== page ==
Audiobooks are our passion. We listen to them, obsess over them, and produce thousands of them, including many award winners. So, with an ever-growing and diverse catalog of listens from beloved authors and top-line narrators, picking our favorite productions from our very own studios was no easy task. But here they are. From Austen and Twain to Murakami and Yanagihara, Cranston and Pike to Kellgren and Wyman; the stories and voices that moved us, sparked our imaginations, and left us in awe of the power of listening.

These are the ones we keep coming back to, and are most proud of creating: Audible Studios Essentials.




Pride and Prejudice is one of those classic novels that has influenced countless books, movies, and TV shows, and continues to make its way into the public consciousness. How many revamped or modernized Mr. Darcy’s have there been? But experiencing the original, as performed by Academy Award nominee Rosamund Pike (Gone Girl) – who also starred as Jane Bennet in the big screen version of Austen’s beloved classic – is a bucket-list-level essential for all listeners. It’s the ideal coming-together of novel and narrator. From her caustic rendition of Mrs. Bennet, to the stern Mr. Darcy, and flighty Lydia, Pike brings all of Austen’s tremendous characters to life, proving that she was born to perform this book.



The End of the Affair is somehow the antithesis and the definition of a love story, and Colin Firth’s performance is truly exceptional. Firth captures the story's intensity in his delivery – the emotion in each sentence is nearly tangible – yet he doesn’t "over-do" it. This is so much more than a love (and hate) story – it’s a reflection on what brings happiness and sadness into this life, and what one might sacrifice for a chance at happiness in the next.



The Great Gatsby is undoubtedly an American classic, but Jake Gyllenhaal’s superb narration as Nick Carraway takes it to a whole new level. Fitzgerald’s elegant yet simple prose stands the test of time, and Gyllenhaal treats it with the utmost respect, allowing the vivid descriptions of mansions, landmarks, and 1920s New York to flow at just the right pace. While ultimately tragic, The Great Gatsby is full of light and beautiful moments that kindle nostalgia for the Roaring Twenties.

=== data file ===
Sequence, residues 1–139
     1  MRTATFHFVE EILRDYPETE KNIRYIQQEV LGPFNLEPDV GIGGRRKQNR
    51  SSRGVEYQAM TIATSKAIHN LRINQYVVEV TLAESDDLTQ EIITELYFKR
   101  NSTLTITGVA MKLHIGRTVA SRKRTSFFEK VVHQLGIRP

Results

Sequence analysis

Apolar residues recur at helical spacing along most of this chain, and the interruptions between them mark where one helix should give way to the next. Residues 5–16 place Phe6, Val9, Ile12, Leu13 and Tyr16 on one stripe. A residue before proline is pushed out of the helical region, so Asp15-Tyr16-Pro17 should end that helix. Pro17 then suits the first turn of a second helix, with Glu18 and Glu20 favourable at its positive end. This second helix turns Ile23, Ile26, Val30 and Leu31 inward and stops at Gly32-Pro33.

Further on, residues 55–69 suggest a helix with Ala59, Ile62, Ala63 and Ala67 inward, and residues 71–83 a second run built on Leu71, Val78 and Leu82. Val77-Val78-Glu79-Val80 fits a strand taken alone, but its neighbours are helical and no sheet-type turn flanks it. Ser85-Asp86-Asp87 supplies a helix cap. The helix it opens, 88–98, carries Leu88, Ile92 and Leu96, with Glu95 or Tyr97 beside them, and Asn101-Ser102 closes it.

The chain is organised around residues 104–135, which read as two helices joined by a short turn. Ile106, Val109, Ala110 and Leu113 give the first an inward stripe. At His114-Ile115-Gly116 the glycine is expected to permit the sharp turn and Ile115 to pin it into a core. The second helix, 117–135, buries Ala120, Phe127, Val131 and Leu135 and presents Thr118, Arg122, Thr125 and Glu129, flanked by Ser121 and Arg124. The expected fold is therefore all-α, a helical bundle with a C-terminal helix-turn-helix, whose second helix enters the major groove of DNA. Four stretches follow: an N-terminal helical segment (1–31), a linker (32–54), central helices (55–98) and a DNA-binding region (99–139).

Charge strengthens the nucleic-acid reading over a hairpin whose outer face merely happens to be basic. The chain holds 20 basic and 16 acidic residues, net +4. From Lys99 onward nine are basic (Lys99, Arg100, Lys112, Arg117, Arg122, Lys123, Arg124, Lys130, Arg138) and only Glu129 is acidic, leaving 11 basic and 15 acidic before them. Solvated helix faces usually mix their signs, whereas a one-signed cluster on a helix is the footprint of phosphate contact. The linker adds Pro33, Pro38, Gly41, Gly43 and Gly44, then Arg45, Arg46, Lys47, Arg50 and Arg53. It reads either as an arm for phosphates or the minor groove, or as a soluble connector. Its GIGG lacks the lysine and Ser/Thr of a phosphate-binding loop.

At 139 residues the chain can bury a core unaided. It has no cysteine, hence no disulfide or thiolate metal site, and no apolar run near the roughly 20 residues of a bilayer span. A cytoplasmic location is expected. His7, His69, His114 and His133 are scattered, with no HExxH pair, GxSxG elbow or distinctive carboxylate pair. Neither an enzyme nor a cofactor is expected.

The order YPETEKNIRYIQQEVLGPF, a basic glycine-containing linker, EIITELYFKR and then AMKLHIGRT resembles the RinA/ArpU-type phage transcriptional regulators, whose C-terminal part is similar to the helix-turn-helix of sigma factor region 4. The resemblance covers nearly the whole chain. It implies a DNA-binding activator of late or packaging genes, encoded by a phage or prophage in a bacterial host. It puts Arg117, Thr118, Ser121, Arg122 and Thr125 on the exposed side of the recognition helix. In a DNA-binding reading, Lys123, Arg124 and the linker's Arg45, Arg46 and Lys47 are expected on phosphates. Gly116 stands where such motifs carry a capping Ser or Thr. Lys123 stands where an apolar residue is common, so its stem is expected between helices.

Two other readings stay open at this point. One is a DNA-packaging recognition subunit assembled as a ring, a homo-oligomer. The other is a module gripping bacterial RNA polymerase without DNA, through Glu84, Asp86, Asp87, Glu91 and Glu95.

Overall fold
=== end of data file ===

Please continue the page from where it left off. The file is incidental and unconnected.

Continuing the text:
Margaret Atwood’s modern classic is one of the most stunning and powerful works of speculative fiction ever written, and it took a lot of careful consideration to determine who would best narrate this important book. Claire Danes elevates the frightening dystopic vision by lending a sheen of reality with her performance. She doesn't act, and she doesn't need to. She recounts. She breathes out the tale as if she is living it. Resigned, beaten down, traveling through hell by putting one step ahead of the other. Her performance is utterly convincing.



Mark Twain’s Adventures of Huckleberry Finn is one of the greatest American novels of all time. Tackling such a crucial work of literature is a big task for any narrator, but Elijah Wood rises to the occasion, giving an adept and tender reading that captures the essence of Twain's novel. Wood brings such unforced naturalness and ease to Huck's delivery that you can't help getting swept up in his adventures, revisiting the excitement and confusion of adolescence that he embodies; a trait which, with every listen, Twain proves is timeless.



Winner of Audible’s 2014 Audiobook of the Year, this striking re-imagining of Shakespeare’s classic was written specifically for audio by authors A. J. Hartley and David Hewson. Their creative talents and respect for the Bard add fresh depth and perspective to his centuries-old classic, incorporating newly-imagined scenes and unexpected plot twists to revitalize the original story. But we’d be remiss if we didn’t mention the exquisite performance of Richard “Ear Candy” Armitage (as he’s now known around the office). Drawing on his experience with the Royal Shakespeare Company, Armitage (The Hobbit films) fully inhabits Shakespeare’s characters, imbuing every line with unparalleled enthusiasm.



Bram Stoker’s classic is an epistolary novel – a story constructed through collected written accounts, letters, and newspaper articles. The very structure, lacking any one reliable narrator, lends hugely to the creep factor and the brilliance of this tale – something that is often lost in the myriad modern interpretations. This multi-cast rendition is not only performed by the best in the business, but it really brings the listener back to the original text, and it is without a doubt the best version in the store.



A deeply-moving, emotionally-draining, yet occasionally uplifting saga of friendship and love spanning 50 years, A Little Life has quickly become one of our favorite books. Yanagihara’s skill as a writer is undeniable, deftly exploring some of fiction’s darkest terrain, while also providing moments deeply human and affecting. Oliver Wyman’s impeccable narration added an entire new element to this already layered novel – his ability to convey the nuance of each character will leave you completely in awe of his strength as a performer. This is a listen that will stay with you long after the story ends.